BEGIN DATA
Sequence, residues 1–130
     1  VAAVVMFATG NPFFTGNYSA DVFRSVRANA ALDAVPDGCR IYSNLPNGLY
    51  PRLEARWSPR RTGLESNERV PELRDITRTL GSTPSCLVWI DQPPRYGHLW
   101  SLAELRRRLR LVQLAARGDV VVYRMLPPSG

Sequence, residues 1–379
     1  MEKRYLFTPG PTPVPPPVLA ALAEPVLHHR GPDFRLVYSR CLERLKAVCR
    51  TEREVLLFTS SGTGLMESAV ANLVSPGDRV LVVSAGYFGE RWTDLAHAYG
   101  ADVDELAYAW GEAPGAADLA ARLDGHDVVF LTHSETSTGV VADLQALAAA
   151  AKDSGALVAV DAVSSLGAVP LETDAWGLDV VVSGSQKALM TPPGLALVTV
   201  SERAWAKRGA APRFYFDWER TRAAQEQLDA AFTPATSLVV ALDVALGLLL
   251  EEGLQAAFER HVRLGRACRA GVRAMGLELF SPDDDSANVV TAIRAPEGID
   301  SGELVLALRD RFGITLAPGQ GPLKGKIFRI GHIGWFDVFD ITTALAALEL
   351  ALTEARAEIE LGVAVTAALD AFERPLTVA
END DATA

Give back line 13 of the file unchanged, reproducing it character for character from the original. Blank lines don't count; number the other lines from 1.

   351  ALTEARAEIE LGVAVTAALD AFERPLTVA